Earlier this year, as organizations began to grapple with the scale and scope of the COVID-19 crisis, cleaning and restoration work began ramping up in some critical, highly trafficked facilities in an effort to stem the spread of the virus. Locations like sports stadiums, buildings on Capitol Hill, schools, and much more required quick restoration and remediation work. These massive cleaning and disinfecting efforts will likely continue throughout the summer, as numerous states and governments eye partial and full reopening.
This all comes at a time in our industry when an increasing number of restoration pros are offering green cleaning and disinfecting solutions, involving limited use of synthetic cleaners to better protect the environment and the people who live and work in the target facilities. These methods have become particularly beneficial in projects involving sensitive populations—facilities that serve people with compromised immunity, respiratory challenges, those with certain chemical sensitivities, children, the elderly, and pets.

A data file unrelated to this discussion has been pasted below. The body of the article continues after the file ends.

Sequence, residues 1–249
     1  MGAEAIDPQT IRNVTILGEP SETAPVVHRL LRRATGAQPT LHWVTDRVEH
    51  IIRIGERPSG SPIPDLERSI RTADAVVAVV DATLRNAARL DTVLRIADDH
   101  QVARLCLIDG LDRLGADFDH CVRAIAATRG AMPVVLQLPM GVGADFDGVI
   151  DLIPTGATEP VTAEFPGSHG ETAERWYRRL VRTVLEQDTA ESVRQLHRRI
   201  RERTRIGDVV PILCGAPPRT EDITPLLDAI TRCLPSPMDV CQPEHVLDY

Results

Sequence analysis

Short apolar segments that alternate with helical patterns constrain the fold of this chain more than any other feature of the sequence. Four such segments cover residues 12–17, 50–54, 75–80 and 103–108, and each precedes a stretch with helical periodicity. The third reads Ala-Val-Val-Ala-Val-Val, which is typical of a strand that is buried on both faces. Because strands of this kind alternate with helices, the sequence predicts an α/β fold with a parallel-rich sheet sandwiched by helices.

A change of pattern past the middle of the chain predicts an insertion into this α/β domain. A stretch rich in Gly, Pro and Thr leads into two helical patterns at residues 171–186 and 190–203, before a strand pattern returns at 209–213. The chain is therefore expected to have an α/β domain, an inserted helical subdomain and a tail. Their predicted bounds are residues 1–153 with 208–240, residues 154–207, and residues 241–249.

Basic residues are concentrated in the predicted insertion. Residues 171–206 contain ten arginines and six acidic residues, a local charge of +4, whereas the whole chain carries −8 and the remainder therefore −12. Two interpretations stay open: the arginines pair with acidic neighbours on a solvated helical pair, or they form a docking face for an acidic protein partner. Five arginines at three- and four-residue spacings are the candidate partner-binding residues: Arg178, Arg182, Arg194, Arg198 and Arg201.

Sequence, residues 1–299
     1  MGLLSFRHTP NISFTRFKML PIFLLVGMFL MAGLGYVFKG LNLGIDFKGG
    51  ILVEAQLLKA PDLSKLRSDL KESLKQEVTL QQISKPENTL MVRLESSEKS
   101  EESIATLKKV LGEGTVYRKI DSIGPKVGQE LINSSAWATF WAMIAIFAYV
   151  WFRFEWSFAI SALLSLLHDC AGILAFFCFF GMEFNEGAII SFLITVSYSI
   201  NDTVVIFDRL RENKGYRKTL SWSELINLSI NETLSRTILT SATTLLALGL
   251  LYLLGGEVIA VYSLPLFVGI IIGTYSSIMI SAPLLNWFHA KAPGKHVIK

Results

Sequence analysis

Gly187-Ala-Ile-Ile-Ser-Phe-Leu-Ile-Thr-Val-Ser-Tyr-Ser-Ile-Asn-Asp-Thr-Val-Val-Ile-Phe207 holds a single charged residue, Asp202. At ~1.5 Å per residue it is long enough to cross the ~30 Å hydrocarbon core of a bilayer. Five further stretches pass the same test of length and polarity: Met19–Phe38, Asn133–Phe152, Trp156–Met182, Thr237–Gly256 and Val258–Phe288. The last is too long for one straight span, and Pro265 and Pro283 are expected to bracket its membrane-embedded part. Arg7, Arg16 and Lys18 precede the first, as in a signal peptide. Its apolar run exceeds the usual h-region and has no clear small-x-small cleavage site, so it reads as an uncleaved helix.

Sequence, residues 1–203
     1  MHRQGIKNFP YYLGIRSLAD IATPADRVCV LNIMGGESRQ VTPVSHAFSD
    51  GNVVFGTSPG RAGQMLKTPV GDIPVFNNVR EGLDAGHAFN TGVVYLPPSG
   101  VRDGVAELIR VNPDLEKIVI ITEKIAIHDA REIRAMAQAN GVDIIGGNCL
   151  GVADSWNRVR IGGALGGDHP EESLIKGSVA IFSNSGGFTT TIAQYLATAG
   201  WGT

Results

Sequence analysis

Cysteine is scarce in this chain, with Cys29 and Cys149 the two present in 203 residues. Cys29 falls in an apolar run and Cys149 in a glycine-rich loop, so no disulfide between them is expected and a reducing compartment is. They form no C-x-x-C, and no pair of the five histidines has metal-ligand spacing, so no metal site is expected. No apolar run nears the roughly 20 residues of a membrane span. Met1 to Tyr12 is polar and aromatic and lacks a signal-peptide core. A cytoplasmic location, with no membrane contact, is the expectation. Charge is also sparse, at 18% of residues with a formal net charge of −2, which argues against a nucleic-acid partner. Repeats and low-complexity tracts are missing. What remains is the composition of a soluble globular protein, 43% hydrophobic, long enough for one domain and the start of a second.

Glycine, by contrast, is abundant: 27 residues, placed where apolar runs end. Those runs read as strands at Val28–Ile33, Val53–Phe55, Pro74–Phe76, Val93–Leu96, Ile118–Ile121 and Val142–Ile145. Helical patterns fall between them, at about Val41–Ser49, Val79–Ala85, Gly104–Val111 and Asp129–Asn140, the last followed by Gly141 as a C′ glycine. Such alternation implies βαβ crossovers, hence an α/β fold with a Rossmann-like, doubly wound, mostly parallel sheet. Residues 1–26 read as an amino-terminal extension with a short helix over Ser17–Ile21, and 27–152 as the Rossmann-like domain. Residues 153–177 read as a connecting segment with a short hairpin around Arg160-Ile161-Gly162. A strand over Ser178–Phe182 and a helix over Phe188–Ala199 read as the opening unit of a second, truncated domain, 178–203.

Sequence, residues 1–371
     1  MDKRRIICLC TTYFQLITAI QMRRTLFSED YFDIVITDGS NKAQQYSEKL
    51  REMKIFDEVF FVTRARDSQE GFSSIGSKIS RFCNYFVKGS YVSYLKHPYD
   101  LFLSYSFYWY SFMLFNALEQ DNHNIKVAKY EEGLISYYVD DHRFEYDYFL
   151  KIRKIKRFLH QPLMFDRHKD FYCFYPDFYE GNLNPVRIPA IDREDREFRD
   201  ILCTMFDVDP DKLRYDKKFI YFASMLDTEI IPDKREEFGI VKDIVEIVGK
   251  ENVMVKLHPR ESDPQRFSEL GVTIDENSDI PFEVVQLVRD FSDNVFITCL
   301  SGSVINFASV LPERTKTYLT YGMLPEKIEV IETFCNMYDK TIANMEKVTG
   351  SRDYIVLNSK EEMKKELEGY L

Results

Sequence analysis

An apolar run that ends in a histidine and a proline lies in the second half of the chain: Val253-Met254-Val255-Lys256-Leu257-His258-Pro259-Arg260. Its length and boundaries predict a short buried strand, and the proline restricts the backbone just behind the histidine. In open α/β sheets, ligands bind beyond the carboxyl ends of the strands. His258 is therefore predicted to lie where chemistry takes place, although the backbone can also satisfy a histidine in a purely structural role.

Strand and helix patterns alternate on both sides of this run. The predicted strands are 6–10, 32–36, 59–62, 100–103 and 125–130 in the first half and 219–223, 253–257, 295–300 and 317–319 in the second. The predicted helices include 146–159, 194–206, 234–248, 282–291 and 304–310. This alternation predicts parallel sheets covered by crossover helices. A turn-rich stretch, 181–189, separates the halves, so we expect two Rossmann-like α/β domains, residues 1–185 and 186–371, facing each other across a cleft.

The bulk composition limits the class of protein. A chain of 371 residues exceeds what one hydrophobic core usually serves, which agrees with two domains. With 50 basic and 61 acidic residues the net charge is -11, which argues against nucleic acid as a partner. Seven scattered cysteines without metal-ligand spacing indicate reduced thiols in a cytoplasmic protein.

But “green” cleaning has never been quite as simple as it sounds. There are many cleaners and disinfectants in the marketplace that make botanical claims without being 100% plant-derived, utilizing synthetic ingredients to supplement their formulations. While some of these products might be effective, they may not ultimately fulfill the promise of a true, fully botanical cleaning and disinfecting solution.
For professionals seeking to deliver on heightened demand for disinfectant services while maintaining a commitment to authentically botanical cleaning, here are a few things to keep in mind.
Navigating demand spikes and supply shortages.
Earlier in the spring, general consumers might have found it difficult to get their hands on basic disinfectant necessities like Lysol and Clorox Wipes, as demand for these everyday items spiked amidst rising anxiety associated with the pandemic. Indeed, supply chains for conventional disinfectants were rocked by a sharp rise in demand, leaving manufacturers struggling to obtain raw materials to make synthetic active ingredients like quaternary ammonium compounds.